Get to know your City Council candidate Mark E. Pulido a little more through Patch's Q&A session:
Name: Mark E. Pulido
- – graduated with honors
- University of California, Los Angeles – B.A. History and Asian American Studies
- University of Chicago – Master of Public Policy, Woodrow Wilson Fellowship
- Board Member,
- District Director, Office of Senator Alan Lowenthal, 27th District
Married? Yes, to my high school sweetheart, Gloria.
Children? Yes – two (daughter and son)
How long have you lived in Cerritos? 38 years.
What is your favorite book? Philip Vera Cruz: A Personal History of Filipino Immigrants and the Farmworkers Movement, Scharlin, Craig and Lilia Villanueva, UCLA, 1992.
What is something unique the public doesn’t know about you?
I worked my way through college – bagging groceries and collecting shopping carts at the old FEDCO (where is located today) and as an usher at the UA Theaters inside the Cerritos Mall back in the 1980s.
Why are you running for a spot on the on the city council?
I am running because I love Cerritos. I want to give back to my hometown of 38 years. My wife and I grew up here. We attended local ABC schools in the 1970s and 80s. Today, we are raising our daughter and son here. They are the reason why we care so much about the future of Cerritos. I am running for city council because I want to ensure that Cerritos continues to be a wonderful place to live, work and raise a family. I also believe in my heart that Cerritos can be even better.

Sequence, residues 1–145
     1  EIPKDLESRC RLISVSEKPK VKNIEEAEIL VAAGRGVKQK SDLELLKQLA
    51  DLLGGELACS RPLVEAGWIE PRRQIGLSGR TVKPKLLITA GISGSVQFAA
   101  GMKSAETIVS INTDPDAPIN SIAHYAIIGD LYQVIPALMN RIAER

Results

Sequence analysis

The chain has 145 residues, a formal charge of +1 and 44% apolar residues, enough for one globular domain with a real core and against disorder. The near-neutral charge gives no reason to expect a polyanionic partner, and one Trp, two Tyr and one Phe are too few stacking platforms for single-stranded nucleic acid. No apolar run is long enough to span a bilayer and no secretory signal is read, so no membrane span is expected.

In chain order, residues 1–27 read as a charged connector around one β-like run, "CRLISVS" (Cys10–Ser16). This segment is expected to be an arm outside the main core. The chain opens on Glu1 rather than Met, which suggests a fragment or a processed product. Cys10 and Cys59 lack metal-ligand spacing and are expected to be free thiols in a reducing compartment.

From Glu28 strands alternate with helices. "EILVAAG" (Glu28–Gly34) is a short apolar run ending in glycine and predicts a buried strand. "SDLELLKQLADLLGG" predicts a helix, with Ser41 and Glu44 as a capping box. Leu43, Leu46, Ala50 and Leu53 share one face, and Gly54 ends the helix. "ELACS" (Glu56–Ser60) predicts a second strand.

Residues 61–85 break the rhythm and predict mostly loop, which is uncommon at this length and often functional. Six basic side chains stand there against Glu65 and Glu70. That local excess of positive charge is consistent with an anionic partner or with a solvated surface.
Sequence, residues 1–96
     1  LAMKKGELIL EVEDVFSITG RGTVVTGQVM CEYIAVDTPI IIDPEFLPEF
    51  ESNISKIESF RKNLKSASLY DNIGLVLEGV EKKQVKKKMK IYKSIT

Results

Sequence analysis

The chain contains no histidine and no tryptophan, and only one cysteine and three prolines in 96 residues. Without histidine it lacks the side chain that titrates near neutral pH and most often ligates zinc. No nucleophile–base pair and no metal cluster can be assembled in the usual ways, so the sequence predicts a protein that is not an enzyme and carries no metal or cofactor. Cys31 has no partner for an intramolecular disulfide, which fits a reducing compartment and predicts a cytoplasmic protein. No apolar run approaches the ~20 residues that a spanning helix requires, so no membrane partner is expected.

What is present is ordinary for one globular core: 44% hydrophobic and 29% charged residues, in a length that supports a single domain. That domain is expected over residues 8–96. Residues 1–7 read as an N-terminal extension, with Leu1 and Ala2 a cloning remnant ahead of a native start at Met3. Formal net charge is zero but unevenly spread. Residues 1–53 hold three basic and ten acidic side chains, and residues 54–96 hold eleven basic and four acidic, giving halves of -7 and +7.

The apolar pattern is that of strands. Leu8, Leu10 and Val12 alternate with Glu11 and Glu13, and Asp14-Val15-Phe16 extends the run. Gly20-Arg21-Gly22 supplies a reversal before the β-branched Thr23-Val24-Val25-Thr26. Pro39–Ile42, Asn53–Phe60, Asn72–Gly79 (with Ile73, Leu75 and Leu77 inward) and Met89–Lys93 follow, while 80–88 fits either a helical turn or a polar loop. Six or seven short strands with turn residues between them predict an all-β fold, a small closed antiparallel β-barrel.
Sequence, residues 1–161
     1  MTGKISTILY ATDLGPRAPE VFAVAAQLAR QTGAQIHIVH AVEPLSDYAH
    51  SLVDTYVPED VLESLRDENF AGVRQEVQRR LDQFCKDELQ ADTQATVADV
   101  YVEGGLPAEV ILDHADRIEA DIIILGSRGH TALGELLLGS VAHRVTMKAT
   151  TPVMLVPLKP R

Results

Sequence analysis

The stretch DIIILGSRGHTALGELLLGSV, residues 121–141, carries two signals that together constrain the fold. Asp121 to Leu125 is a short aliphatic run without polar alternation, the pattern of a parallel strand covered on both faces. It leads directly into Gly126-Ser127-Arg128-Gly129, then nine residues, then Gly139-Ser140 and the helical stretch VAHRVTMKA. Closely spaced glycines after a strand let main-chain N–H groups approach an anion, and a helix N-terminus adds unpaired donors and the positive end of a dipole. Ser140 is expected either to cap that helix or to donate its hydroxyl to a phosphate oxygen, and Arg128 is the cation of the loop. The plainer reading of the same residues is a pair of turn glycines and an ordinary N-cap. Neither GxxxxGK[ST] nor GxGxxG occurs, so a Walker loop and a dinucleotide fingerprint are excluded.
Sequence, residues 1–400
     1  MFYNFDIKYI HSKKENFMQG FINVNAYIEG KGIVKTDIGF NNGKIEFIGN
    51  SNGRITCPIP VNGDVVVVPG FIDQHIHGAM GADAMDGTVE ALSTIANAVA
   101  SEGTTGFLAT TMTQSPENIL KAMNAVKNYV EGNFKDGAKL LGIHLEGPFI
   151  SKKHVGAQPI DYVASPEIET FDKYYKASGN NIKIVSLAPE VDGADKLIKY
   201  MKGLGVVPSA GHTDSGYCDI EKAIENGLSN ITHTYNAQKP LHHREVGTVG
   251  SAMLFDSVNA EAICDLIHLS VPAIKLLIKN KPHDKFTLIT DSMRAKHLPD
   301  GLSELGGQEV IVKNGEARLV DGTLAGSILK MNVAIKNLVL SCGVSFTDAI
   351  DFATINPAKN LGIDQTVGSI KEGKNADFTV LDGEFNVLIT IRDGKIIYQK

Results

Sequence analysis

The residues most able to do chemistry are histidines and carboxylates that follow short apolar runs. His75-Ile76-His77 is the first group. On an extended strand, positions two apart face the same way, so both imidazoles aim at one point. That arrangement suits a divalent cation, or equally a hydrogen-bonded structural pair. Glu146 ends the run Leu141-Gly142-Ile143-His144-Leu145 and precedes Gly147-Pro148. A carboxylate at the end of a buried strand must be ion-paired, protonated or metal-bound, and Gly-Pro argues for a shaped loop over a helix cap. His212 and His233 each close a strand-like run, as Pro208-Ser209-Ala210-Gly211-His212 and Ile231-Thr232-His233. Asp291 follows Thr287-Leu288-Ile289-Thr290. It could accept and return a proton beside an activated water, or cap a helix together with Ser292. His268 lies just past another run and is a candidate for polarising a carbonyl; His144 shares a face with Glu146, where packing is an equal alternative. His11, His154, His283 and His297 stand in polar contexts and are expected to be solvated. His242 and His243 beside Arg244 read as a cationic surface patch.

What specifically qualifies you to represent Cerritos and its citizens?
I am a son of this great city – its neighborhoods, parks and schools. I share the history, the values and the hopes of its residents. I have served the past nine years on the ABC School Board working hard to keep our schools among the best in the nation. I have a proven record of fiscal responsibility with your tax dollars, while providing a world-class education to the children of this community. I believe my experience as an elected public servant combined with my personal experience as a life-long resident uniquely qualifies me to represent and serve the residents of Cerritos.
What can you do make sure that Cerritos maintains its title as “America’s Most Business Friendly City?”